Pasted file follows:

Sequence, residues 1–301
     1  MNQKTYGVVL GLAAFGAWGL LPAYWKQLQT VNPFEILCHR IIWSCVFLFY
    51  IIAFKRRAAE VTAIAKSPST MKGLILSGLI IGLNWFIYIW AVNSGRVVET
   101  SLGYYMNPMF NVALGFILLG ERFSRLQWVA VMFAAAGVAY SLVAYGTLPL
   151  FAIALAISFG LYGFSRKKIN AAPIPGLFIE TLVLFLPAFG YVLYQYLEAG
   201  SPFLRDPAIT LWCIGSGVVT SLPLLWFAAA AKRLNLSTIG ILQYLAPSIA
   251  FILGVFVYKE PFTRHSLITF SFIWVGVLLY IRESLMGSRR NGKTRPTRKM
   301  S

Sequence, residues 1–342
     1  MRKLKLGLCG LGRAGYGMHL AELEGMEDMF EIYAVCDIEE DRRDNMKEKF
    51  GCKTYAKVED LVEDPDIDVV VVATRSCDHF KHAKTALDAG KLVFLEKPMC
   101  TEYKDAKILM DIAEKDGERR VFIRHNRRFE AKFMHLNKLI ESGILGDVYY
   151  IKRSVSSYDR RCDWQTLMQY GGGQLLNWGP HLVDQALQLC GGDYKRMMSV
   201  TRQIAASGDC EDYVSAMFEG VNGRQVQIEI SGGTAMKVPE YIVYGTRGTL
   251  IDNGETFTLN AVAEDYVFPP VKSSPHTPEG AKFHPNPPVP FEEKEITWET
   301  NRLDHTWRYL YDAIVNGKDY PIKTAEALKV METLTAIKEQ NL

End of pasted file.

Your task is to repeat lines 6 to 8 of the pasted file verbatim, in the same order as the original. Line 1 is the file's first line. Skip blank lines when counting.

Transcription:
   201  SPFLRDPAIT LWCIGSGVVT SLPLLWFAAA AKRLNLSTIG ILQYLAPSIA
   251  FILGVFVYKE PFTRHSLITF SFIWVGVLLY IRESLMGSRR NGKTRPTRKM
   301  S